Long-term impact of macrosomia on child body composition: findings from the ROLO Kids Study
A. Geraghty; E. O'Brien; M. Horan; F. McAuliffe
Year of publication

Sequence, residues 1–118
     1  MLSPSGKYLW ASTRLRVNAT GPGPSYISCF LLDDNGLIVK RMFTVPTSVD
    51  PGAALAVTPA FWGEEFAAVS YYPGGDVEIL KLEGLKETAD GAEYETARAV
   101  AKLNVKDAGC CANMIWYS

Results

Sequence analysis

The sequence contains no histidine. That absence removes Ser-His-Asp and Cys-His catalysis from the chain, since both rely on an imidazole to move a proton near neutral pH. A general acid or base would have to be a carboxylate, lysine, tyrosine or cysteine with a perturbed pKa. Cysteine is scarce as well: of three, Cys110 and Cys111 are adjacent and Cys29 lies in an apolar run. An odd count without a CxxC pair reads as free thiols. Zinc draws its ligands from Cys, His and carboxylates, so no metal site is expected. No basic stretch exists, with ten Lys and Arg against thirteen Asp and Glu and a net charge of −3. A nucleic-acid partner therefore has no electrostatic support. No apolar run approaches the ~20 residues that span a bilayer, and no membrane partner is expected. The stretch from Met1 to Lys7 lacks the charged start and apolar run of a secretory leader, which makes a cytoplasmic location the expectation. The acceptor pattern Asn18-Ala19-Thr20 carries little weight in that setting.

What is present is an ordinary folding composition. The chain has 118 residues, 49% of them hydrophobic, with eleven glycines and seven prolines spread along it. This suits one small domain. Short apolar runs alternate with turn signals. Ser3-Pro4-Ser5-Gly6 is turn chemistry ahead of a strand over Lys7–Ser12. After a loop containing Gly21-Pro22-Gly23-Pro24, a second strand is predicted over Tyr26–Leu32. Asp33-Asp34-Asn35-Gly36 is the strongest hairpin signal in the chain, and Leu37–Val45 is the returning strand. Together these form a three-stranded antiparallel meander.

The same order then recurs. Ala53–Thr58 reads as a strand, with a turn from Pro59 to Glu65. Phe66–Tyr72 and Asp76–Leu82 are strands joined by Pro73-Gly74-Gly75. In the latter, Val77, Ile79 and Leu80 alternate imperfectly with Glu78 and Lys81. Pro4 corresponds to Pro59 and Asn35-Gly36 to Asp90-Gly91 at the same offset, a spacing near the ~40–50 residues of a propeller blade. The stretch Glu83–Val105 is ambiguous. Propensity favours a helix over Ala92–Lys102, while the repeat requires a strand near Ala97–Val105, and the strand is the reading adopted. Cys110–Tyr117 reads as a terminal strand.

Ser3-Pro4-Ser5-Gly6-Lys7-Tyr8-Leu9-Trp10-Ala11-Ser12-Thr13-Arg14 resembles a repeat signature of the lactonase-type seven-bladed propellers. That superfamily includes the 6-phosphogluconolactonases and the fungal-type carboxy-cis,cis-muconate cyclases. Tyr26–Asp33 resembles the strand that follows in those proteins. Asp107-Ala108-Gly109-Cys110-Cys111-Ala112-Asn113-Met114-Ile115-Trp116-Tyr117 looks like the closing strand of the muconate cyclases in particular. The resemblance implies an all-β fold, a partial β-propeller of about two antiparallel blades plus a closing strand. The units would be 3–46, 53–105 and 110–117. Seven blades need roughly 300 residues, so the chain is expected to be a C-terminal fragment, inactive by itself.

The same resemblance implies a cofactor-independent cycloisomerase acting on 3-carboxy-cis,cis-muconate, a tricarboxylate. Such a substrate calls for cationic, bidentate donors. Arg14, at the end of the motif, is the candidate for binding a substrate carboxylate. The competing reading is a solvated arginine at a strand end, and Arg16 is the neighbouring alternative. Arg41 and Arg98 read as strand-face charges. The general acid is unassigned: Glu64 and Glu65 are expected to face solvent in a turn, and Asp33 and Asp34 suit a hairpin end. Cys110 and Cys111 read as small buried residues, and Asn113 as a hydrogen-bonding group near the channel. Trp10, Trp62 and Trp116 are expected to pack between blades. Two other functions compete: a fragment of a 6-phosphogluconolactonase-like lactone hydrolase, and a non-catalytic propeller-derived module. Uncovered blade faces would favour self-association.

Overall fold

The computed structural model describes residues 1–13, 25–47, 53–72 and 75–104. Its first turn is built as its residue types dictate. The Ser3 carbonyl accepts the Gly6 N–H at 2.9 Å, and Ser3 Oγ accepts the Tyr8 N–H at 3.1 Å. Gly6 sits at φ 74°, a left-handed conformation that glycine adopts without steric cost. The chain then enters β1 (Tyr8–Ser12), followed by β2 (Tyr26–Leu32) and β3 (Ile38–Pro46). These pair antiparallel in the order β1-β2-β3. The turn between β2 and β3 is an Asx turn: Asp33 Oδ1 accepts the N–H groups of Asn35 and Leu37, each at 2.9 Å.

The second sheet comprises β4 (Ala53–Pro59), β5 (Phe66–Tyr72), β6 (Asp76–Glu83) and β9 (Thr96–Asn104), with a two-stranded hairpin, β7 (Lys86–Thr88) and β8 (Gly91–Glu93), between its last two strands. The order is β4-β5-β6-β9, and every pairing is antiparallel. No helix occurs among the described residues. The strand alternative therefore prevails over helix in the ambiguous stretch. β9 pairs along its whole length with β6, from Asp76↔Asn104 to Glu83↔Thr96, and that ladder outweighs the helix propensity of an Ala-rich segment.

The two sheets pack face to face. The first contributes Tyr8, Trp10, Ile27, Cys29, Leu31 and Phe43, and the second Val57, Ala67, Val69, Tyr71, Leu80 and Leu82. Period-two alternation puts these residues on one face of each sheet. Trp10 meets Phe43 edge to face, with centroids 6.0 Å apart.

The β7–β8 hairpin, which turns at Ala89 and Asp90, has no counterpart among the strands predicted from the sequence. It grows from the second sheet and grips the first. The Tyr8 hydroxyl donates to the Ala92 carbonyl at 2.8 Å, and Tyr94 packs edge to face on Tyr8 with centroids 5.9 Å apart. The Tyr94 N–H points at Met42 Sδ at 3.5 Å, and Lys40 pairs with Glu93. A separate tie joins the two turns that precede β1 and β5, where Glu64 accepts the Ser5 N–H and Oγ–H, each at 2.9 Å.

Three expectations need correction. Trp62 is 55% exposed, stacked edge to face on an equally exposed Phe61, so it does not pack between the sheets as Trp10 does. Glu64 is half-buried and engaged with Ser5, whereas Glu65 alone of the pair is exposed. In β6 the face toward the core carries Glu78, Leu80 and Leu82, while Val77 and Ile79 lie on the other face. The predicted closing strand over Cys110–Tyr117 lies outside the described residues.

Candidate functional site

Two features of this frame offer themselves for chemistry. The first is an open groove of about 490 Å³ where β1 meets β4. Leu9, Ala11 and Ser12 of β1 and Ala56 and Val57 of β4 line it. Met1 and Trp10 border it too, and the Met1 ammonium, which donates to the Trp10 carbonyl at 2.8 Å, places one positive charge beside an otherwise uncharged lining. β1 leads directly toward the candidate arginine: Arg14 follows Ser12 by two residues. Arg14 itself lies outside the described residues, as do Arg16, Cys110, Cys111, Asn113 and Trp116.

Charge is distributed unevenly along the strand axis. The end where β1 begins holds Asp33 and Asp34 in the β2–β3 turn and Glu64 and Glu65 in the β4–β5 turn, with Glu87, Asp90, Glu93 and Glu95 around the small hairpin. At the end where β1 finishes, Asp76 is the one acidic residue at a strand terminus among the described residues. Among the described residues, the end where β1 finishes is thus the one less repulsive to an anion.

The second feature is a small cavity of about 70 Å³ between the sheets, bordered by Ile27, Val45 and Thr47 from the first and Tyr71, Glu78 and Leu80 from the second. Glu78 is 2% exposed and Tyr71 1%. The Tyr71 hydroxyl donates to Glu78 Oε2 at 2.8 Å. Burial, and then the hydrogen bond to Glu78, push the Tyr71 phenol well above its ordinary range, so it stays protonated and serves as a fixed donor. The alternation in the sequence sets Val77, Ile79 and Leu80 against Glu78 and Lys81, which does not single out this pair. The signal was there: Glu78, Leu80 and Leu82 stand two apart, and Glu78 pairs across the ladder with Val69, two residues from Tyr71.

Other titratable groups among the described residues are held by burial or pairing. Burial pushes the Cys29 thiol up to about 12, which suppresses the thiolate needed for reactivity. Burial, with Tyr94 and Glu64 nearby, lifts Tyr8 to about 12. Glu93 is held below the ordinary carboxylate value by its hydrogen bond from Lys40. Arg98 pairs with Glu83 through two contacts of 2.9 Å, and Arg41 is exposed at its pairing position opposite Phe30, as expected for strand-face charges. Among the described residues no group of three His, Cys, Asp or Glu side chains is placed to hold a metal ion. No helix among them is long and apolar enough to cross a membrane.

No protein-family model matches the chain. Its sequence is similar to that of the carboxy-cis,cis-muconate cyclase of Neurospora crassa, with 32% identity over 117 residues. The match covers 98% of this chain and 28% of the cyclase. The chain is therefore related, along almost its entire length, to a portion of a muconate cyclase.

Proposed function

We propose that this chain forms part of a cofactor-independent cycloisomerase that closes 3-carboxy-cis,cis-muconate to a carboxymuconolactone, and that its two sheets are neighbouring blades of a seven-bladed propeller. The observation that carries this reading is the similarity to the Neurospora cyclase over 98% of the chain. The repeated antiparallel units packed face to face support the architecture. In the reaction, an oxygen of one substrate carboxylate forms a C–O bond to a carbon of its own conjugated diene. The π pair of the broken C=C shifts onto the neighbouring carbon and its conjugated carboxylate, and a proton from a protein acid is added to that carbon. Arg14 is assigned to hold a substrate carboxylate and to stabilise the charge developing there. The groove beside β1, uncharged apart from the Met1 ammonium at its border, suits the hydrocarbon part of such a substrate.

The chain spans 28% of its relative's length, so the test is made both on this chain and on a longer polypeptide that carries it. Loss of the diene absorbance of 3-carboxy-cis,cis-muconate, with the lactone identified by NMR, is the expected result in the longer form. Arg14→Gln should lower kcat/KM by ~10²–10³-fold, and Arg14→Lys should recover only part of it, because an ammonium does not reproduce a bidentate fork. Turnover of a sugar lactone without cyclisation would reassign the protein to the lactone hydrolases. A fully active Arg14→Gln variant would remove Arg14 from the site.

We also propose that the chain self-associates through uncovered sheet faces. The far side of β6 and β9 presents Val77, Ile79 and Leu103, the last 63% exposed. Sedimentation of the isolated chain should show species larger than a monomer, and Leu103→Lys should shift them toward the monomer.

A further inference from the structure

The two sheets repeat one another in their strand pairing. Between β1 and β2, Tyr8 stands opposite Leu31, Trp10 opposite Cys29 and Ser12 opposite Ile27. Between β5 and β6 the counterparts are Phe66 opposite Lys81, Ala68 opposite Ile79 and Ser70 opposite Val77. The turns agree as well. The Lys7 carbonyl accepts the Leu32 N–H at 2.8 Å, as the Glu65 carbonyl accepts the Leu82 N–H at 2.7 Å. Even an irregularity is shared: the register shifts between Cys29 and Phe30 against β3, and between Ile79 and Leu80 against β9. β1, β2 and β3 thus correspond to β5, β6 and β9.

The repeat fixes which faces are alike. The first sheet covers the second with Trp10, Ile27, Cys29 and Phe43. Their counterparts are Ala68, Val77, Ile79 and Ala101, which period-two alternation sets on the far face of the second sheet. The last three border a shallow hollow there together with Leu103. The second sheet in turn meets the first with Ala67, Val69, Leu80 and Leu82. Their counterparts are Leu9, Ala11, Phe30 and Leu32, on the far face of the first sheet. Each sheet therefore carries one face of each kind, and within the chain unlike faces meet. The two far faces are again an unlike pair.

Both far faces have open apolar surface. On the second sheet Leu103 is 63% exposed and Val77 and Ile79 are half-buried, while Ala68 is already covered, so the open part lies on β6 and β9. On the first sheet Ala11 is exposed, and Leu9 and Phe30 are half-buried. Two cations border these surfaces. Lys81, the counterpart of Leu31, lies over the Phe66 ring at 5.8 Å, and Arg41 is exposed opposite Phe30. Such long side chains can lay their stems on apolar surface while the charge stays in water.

Objectives The early fetal environment is extremely important and research indicates that weight at birth can have crucial impacts on the individual's health later in life. With the current childhood obesity epidemic, we aimed to investigate whether children born macrosomic (birthweight > 4 kg) remained larger than normal birthweight infants up to 5 years of age. Design This is a longitudinal follow up of macrosomic and normal birthweight participants born into the ROLO randomised control trial in the National Maternity Hospital, Dublin, followed up at 5 years of age. Method A total of 387 participants (53% with macrosomia, 47% normal birthweight) were followed up at 5 years of age. Birthweight was previously recorded, and at the 5 years of age, child height, weight, anthropometric, and skinfold measurements were collected. Body mass index (kg/m2) and centiles were calculated. Student's t‐tests and Mann‐Whitney U‐tests were used (Figure Presented) together with multiple linear regression to control for confounders. Results Children born macrosomic had consistently higher weights, lengths, and BMI centiles, together with increased head and chest circumferences, compared to normal birthweight children at 5 years of age (P < 0.01 for all). After controlling for child sex, intervention group, smoking during pregnancy, maternal education status, and maternal BMI, children with macrosomia were 0.61 kg heavier than nonmacrosomic infants at 5 years of age (95% CI: 0.04‐1.18, P < 0.05). Conclusions Children born macrosomic remain heavier and larger into childhood. This highlights the need for monitoring and potential interventions, both during pregnancy and in infancy, to curb the current childhood obesity crisis.